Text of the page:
Indie Round-Up for Feb 9 2006: Indiegrrl-apalooza

It’s been a busy couple of weeks here at the Indie Corral. Thanks in part to a fresh announcement on the Indiegrrl list, my CD pile is thick with submissions from female artists, hence the female face of this week’s Round-Up.

Susan Kane, So Long

This lovely set of hummable country-folk, beautifully produced by Billy Masters (Suzanne Vega’s guitarist), has been getting some airplay on prestigious folk programs, and deservedly so. Kane has a sweetly unassuming but clear and sure voice, a good command of American idioms from country-western to blues to coffeehouse folk, a knack for homespun melodies, and an ace collaborator in Masters, whose guitar work and production nests the songs perfectly.

Kane sings folk with a country-singer’s voice, merging the pure beauty of an Erica Smith with the worldliness of a Joni Mitchell. As with Linda Nuñez (see below), if you like this style of music, you will probably enjoy this strong album through and through.

I have one quibble. Although lyrics, as a consequence of their dependence on a musical setting, generally sound better sung than they read upon the page, Kane’s, curiously, go the opposite way. The simple, rather formal beauty of the song structures and melodies seem to contrast with the natural, tumbling quality of the storytelling, resulting – to this ear, anyway – in moments of diminished artfulness.

That aside, this is a fine disc worthy of a place on your folk shelf. Kane and Masters are also a pleasure to hear live, as I learned at a recent show at NYC’s Rockwood Music Hall.

Nuñez, Cry Mercy

Linda Nuñez and her band make unabashed power-rock. Inspired as much by 70’s icons Pat Benatar and Heart as by 90’s alternative bands like Live and Soundgarden, Nuñez sings in an unstoppable belt that’s very refreshing in this age of little-girl voices. And it’s not just her singing style and ballsy harmonies that evoke 70’s arena rock, it’s also her dramatic, sometimes deliciously over-the-top songwriting. A touch of Latin flavor (as in “Havana”), a soft underbelly (“Either Way”) and a proud but not heavy-handed gay identification give this artist plenty of crossover juice, too.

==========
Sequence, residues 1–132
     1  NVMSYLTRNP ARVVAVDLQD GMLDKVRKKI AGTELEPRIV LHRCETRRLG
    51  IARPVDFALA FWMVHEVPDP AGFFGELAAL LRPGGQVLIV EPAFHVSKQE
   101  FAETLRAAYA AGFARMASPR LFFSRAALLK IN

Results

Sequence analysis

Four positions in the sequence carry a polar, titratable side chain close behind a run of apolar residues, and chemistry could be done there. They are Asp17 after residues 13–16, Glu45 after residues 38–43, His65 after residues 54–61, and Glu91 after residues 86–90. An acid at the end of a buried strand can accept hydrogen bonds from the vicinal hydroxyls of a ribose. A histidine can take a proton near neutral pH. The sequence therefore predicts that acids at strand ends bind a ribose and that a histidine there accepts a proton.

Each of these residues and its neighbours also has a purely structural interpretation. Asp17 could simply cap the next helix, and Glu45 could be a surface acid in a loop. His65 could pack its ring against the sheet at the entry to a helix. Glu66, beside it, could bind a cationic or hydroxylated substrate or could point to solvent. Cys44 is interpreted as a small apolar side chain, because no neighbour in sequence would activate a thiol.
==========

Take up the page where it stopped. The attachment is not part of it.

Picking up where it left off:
The best songs are up front: “Cry Mercy” is a monster jam, and it’s hard to get the chorus of “Love In Pieces” out of your head once you’ve heard it. “Yea” is a headbanger’s delight that Beavis and Butthead would surely have labeled cool, and “That’s Where I Went Wrong” is a solid power-pop anthem. The songs on the second half of the CD have less hit potential, but the power never lets up, and if you like one Nuñez song, you’ll probably like the whole album. It has depth, and it rocks: two for two in my book.

Patricia Ossowski, What Would You Believe?

This is keyboard-based precision-pop with sophisticated production, lush soundscapes, and powerful lyrics: “while you here always looking for a miracle while i just slowly drown/and you here always saying i’m beautiful but i just can’t be found.” Some of the songs, like “Luminous” and “Please Don’t Go,” have memorable hooks; some rock (“Lucky Me,” “Broken Me”); and many have haunting harmonies and evoke truly chilling moods. The songs are about relationships mostly, but Ossowski has her own poetic and pithy way of looking at things, as in “Broken Me”: “i try to find a reason try to live through all argument/weigh the damage in both hands and i start to miss you/i turn around through your eyes see the view from here/what a wreck i appear to be and i start to miss you.”